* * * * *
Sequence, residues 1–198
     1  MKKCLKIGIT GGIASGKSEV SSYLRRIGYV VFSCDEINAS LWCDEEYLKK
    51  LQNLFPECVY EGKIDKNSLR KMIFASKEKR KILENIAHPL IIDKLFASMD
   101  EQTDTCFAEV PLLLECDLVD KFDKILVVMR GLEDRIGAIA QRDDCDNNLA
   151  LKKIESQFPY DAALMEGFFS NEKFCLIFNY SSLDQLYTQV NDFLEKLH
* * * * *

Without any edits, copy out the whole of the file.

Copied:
Sequence, residues 1–198
     1  MKKCLKIGIT GGIASGKSEV SSYLRRIGYV VFSCDEINAS LWCDEEYLKK
    51  LQNLFPECVY EGKIDKNSLR KMIFASKEKR KILENIAHPL IIDKLFASMD
   101  EQTDTCFAEV PLLLECDLVD KFDKILVVMR GLEDRIGAIA QRDDCDNNLA
   151  LKKIESQFPY DAALMEGFFS NEKFCLIFNY SSLDQLYTQV NDFLEKLH